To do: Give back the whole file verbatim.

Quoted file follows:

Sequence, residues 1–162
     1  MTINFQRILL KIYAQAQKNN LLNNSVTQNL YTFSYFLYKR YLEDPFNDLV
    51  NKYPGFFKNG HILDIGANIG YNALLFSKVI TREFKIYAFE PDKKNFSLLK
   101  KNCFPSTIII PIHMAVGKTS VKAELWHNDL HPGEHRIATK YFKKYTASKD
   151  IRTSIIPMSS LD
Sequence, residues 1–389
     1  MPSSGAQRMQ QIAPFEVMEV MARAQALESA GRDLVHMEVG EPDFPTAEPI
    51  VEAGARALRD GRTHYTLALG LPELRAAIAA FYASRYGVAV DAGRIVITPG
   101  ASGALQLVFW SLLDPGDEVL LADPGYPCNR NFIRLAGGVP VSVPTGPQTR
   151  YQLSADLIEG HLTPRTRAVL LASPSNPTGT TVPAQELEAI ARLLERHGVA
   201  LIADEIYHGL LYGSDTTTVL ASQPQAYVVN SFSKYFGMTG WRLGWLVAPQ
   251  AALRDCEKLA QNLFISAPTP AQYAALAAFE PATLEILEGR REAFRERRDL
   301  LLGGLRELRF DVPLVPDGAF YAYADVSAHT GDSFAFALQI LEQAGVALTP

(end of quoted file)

Sequence, residues 1–162
     1  MTINFQRILL KIYAQAQKNN LLNNSVTQNL YTFSYFLYKR YLEDPFNDLV
    51  NKYPGFFKNG HILDIGANIG YNALLFSKVI TREFKIYAFE PDKKNFSLLK
   101  KNCFPSTIII PIHMAVGKTS VKAELWHNDL HPGEHRIATK YFKKYTASKD
   151  IRTSIIPMSS LD
Sequence, residues 1–389
     1  MPSSGAQRMQ QIAPFEVMEV MARAQALESA GRDLVHMEVG EPDFPTAEPI
    51  VEAGARALRD GRTHYTLALG LPELRAAIAA FYASRYGVAV DAGRIVITPG
   101  ASGALQLVFW SLLDPGDEVL LADPGYPCNR NFIRLAGGVP VSVPTGPQTR
   151  YQLSADLIEG HLTPRTRAVL LASPSNPTGT TVPAQELEAI ARLLERHGVA
   201  LIADEIYHGL LYGSDTTTVL ASQPQAYVVN SFSKYFGMTG WRLGWLVAPQ
   251  AALRDCEKLA QNLFISAPTP AQYAALAAFE PATLEILEGR REAFRERRDL
   301  LLGGLRELRF DVPLVPDGAF YAYADVSAHT GDSFAFALQI LEQAGVALTP